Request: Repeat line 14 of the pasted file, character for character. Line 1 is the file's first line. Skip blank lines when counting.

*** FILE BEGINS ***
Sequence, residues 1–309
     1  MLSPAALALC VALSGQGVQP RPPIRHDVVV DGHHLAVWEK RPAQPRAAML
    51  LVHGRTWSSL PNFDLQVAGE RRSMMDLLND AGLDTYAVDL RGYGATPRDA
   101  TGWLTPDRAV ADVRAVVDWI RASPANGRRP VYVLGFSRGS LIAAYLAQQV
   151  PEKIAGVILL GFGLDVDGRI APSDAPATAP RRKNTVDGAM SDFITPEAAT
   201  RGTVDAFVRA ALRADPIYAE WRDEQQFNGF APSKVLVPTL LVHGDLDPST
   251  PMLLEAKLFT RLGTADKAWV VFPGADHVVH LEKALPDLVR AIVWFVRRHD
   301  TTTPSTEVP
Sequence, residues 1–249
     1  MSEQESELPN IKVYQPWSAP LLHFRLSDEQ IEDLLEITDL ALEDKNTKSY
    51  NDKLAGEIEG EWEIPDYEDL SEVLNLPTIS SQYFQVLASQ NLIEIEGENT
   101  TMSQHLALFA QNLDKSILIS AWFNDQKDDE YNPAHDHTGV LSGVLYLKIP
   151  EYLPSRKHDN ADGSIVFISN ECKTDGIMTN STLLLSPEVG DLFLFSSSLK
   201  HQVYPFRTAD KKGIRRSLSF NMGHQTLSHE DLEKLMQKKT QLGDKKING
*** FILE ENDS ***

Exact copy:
   201  HQVYPFRTAD KKGIRRSLSF NMGHQTLSHE DLEKLMQKKT QLGDKKING